When the card vote was lost in 2021 the Conference campaign was indeed confirmed to be a two-year process, as experienced members of the Labour Campaign for Electoral Reform (LCER) had foreseen.
The challenge now was to keep the Constituency Labour Parties (CLPs) engaged while building sufficient union support to succeed at Conference 2022. L4ND ran a series of zoom Road Shows for members, with guest appearances by prominent Labour proportional representation (PR) supporters like Andy Burnham, and Mark Drakeford.
Moving the unions
L4ND Coalition member Chartist Magazine issued a Trade Union Supplement commissioned and edited by Mary Southcott, and L4ND set up trade union groups, held Zoom meetings and helped delegates get motions through union conferences.
The first victory came almost immediately at Unite the Union’s Policy Conference in October 2021, which passed a resolution to drop first-past-the-post, followed by the CWU. Finally, Unison adopted a resolution calling for PR, so by July 2022 the union numbers were looking good because Unite and Unison are by far the largest unions affiliated to the Labour Party.
A second wave
CLP motions were still needed and CLPs rarely submit a motion on the same topic two years running. Some had passed a PR motion, but not submitted one to the 2021 Conference. They were the initial target, until it quickly became apparent that the determination of the membership to make PR Labour Party policy was driving a second wave. In the event, some 140 PR motions were again submitted to Conference by CLPs in 2022, and 126 were accepted, only 11 fewer than in 2021. The topic of Electoral Reform again topped submissions by far.
LCER steps in
In the midst of this successful activity on CLP motions, Make Votes Matter (MVM) which had been acting as the employer of Labour for a New Democracy staff, decided it could continue such direct support for a single party campaign because MVM is cross-party.
The Labour Campaign for Electoral Reform took over the role on the assumption that the four L4ND staff (Joe Sousek, Caroline Osborne, Laura Parker and Sam Kind) could fundraise from supportive groups, which they did. LCER launched a campaign calling on all PR supporters in the Labour Party to join, to boost its own funds.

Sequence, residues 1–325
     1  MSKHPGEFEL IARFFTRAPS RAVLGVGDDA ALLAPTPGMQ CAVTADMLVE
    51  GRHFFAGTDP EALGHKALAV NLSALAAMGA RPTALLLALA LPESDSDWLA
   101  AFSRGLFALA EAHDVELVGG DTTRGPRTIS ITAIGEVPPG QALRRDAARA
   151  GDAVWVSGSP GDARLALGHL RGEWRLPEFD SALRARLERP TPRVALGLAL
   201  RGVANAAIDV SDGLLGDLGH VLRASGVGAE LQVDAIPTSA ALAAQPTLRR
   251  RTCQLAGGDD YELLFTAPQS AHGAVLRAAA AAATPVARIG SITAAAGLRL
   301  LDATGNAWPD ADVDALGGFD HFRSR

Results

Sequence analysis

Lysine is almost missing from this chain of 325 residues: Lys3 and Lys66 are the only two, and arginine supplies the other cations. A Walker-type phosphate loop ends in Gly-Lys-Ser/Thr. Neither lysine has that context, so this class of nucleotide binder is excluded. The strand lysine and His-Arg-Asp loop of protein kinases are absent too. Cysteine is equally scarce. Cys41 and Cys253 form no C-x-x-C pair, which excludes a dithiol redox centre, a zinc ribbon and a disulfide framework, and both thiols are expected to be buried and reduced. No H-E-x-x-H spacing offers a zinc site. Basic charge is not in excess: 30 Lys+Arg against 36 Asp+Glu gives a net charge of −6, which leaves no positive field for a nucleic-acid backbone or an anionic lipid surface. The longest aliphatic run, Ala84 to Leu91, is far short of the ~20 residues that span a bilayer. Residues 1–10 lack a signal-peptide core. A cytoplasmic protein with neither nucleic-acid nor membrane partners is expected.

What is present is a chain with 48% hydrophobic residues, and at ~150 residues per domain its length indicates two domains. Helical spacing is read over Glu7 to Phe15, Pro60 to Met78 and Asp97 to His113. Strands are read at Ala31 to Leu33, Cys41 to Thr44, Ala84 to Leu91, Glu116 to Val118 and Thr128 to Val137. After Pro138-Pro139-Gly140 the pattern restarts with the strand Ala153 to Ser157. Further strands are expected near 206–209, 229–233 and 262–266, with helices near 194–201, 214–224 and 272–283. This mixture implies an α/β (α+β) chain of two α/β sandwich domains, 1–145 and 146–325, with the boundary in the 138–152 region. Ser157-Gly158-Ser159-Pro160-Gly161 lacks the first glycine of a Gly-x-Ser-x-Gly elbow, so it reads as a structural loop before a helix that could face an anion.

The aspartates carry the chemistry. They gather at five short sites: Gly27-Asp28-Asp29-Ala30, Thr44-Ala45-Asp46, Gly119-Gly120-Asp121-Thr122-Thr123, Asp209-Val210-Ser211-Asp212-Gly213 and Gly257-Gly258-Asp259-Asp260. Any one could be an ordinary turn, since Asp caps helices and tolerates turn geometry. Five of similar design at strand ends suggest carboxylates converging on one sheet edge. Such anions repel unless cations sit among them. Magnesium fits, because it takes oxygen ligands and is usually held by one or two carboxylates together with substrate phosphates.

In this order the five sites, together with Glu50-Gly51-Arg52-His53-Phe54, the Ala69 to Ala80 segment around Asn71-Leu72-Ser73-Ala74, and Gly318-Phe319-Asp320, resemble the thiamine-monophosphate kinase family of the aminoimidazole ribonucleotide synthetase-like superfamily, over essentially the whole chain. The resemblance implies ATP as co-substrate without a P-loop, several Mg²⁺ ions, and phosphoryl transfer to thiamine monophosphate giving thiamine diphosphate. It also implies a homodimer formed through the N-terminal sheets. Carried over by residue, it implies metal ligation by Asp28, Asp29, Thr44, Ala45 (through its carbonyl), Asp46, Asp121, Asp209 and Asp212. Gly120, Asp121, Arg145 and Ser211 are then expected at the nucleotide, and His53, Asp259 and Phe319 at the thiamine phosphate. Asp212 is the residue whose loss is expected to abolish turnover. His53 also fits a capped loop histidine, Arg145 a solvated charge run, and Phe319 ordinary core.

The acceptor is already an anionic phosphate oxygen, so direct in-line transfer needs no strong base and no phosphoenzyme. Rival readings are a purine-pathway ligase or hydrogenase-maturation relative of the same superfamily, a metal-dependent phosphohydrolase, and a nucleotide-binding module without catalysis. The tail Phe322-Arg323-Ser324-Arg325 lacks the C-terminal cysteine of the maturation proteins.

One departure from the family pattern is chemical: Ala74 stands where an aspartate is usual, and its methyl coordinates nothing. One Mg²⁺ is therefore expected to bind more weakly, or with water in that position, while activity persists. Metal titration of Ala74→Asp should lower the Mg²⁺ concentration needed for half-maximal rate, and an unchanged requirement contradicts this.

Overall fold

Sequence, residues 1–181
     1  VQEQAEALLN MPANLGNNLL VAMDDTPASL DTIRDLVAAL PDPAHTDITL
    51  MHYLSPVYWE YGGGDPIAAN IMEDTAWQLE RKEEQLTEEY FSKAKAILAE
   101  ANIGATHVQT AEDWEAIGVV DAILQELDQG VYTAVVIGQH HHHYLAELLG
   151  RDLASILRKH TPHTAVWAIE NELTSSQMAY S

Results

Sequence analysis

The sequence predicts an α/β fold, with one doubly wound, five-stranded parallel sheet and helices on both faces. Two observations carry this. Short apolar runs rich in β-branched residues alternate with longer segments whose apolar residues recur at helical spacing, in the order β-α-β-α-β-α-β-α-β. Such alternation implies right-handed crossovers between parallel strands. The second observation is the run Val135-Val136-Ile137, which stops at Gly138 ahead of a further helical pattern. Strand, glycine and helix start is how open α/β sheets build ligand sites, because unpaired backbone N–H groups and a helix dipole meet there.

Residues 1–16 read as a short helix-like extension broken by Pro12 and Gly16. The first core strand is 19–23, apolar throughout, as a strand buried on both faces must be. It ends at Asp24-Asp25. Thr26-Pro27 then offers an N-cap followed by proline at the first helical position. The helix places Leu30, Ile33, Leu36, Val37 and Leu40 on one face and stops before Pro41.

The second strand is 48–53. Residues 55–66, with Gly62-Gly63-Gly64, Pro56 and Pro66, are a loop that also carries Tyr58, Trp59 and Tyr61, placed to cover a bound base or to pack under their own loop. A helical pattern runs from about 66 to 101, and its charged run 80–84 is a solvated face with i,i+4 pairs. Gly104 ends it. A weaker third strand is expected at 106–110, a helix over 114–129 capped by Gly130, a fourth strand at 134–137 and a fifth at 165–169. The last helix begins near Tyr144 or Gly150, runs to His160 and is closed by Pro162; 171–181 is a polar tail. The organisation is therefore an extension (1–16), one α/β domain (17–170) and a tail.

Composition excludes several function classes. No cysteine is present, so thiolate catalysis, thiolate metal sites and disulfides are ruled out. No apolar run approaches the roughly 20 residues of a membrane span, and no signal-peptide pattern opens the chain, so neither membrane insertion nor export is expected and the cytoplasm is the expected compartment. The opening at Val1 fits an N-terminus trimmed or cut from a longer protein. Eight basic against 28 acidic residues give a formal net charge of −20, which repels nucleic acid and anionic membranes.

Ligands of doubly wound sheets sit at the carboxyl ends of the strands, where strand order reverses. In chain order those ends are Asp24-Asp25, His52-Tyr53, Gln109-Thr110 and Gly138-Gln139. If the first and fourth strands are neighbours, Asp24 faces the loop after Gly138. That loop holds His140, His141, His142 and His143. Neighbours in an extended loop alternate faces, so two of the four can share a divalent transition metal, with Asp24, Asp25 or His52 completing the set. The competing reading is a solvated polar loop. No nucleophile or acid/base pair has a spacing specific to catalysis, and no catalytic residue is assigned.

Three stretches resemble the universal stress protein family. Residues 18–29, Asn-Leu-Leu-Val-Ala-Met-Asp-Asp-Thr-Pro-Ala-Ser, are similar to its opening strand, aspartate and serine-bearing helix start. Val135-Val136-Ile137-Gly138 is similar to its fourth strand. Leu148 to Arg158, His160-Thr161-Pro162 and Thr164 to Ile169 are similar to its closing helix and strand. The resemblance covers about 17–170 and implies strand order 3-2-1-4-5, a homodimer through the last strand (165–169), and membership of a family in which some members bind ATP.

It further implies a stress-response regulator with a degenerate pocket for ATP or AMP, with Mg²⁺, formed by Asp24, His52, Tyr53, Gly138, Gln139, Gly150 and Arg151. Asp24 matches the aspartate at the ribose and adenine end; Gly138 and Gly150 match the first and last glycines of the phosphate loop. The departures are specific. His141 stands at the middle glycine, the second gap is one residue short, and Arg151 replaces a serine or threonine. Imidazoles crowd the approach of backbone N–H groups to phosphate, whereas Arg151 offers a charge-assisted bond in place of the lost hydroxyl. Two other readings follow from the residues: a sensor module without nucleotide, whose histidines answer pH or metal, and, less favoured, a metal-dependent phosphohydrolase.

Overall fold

Everything but the Commons
Shortly before Conference 2022, and anticipating the launch of Gordon Brown’s as yet unpublished Constitutional Commission Report, L4ND launched its own report – Everything but the Commons – demonstrating the need for PR to elect the House of Commons. Especially as PR will be needed for the regional councils Brown is known to be advocating, and probably for the elected Senate of the Nations and Regions to replace the House of Lords. This was one of Keir Starmer’s ten pledges in the leadership election. There was no pledge on electoral reform, only the replies to questions quoted in part 2.
Déjà vu for LCER
Another part of the campaign is to persuade Labour MPs, the Labour leader and his advisers, to support PR. However, in July 2022 Keir Starmer told LBC‘s Andrew Marr that electoral reform is not a priority for him; this has meant MPs are less ready to engage and shows that Starmer’s closest advisers are opposed to PR, fearing the left would split to form another party.
Keir Starmer has rightly said his job is to win the next election and he is naturally taking advice from Labour Party members with experience of winning, including some who steered Tony Blair away from PR in 1998, much to LCER’s dismay.
‘I will ignore the vote’
In Liverpool that Sunday morning, just before the 2022 Conference opened, Keir Starmer stated on TV that he would ignore a Conference vote in favour of electoral reform and it would not be included in the manifesto. He also said “I’m not doing any deals going into the election or coming out of the election.”